We were then given the order to pull on the line to bring the first of the sick Somalis onboard. As we slowly heaved in, it felt like there was a three hundred pound man on the end of the line. When we finally got the first man onboard we saw for the first time just how small these men were. As we pulled the second on board it was a lot easier as they found that the first one had the rope chafing on the side of the ship. As we pulled each of the remaining sick onboard we would all look in amazement as we felt there was no one in the baskets. These poor men were all so thin, barely conscious, and had shallow breathing. Our Corpsmen onboard and the extra hands trained to be able to help all assessed each of the sick and noted the symptoms and problems they each had.
I went below to eat. I still felt this gut feeling that I needed to help even if I could only help indirectly. So when I finished my dinner I headed back up to the forecastle to see what I could do. When I got up there I asked where I could help out. At that time there wasn’t much anyone other than the medics and boarding team could really do to actively assist. So I relieved one of my shipmates who had been on communications this whole time and hadn’t had the chance to eat. When he came back to get on communications again I asked if there was anyone else on the bridge who hadn’t had a relief to go eat. So I went up to the pilot house to relieve the man on watch up there so he could eat. Meanwhile, the corpsmen were on the forecastle working hard to keep these poor men alive.
When I was relieved of my watch for the evening I decided that there had to be something I could do to help. When I arrived on the forecastle there was only about fifteen other people up there as opposed to the thirty or forty earlier. We all did what we could to help assist the medics with everything from grabbing plastic bags and rubber gloves to getting water for the sick men. This was the first time that I had been this close to them and could really see what they looked like. The first two men looked a lot healthier than when they first came on board. It was so nice to see them lying there so peacefully. For these men this was probably the first real night’s sleep they had been able to get in a few days at least. There were two others in the middle who were both very much awake. I will never forget the sounds I heard that night. As I sat down to just take in the whole situation I saw before me. The man closest to me, who had been doing so well and moving around and talking with everyone, was now so sick. The sounds that he made would make your spine shiver. I felt so bad for this man, he was in so much pain and you could see it in his eyes. His body was so tense you could see each individual muscle through the skin. The man next to him was laying staring straight up into the top of the canopy looking with a distant stare. I went over and held his hand as he was laying there in pain. He turned and looked at me as we sat there for five minutes but it felt longer. We just looked at each other, no words were needed I knew he was just thankful to have someone by his side at this time.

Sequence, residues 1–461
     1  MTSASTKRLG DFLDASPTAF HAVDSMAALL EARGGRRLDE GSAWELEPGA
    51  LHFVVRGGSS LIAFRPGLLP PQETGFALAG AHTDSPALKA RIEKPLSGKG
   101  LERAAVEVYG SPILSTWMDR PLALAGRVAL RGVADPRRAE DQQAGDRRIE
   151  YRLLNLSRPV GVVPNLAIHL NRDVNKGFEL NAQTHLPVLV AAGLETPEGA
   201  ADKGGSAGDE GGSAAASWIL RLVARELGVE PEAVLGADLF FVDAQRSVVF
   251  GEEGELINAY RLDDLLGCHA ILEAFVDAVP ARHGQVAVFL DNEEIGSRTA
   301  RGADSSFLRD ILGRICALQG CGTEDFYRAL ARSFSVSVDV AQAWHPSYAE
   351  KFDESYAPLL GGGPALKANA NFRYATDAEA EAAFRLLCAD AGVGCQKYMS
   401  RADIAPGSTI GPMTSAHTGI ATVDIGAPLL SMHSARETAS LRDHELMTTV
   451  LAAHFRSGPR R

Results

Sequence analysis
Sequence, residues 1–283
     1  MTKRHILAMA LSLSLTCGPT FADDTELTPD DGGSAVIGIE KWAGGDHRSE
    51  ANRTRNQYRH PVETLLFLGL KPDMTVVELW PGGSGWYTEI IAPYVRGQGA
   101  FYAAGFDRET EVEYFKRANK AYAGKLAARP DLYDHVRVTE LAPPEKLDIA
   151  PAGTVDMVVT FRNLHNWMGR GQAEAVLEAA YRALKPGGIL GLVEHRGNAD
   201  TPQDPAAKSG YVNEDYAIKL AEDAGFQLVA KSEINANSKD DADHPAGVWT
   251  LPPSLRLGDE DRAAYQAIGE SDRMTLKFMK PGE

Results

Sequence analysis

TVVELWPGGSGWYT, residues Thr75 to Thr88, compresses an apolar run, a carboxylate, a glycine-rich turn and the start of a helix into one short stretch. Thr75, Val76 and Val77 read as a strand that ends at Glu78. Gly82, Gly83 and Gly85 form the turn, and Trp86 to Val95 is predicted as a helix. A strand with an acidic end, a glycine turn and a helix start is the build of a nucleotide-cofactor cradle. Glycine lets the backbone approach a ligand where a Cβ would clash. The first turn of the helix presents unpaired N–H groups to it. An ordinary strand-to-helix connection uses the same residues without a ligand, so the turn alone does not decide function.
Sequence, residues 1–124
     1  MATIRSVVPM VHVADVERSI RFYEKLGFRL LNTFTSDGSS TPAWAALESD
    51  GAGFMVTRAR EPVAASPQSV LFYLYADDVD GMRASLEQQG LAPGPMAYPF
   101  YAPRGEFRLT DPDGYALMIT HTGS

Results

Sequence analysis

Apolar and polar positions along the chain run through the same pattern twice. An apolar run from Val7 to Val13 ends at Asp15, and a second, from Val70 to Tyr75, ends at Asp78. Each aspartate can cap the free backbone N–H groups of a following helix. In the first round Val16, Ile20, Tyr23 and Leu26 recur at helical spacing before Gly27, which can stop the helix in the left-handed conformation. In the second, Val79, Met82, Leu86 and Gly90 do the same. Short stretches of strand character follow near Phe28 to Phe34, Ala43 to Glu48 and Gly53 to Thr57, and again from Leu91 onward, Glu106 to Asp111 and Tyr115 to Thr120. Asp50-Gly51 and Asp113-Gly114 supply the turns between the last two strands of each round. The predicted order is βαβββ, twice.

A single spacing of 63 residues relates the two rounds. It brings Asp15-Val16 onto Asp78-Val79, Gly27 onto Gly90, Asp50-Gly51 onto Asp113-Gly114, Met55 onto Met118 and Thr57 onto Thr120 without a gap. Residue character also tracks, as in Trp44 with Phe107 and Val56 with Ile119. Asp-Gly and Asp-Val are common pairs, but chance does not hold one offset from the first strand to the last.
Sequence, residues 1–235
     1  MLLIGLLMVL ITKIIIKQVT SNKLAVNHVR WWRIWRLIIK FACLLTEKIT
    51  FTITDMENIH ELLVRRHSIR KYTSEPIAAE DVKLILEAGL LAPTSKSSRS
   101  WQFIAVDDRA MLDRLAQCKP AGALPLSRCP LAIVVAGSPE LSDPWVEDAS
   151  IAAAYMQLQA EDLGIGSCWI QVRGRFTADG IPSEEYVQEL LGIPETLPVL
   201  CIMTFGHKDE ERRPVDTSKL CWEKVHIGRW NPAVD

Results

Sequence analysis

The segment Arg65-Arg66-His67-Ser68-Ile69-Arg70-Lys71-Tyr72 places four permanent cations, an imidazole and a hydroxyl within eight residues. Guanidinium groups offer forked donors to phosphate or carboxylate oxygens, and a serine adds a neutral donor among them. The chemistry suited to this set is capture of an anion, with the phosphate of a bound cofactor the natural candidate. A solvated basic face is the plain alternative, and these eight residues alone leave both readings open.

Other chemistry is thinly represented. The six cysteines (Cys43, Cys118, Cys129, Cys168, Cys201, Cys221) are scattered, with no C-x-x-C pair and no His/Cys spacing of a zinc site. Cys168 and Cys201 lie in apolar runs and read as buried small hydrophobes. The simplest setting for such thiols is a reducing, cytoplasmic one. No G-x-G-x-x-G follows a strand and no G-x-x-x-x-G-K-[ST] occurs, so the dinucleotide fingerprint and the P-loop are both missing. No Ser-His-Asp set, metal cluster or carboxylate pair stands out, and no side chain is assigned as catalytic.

Go to part 1.
Go to part 3.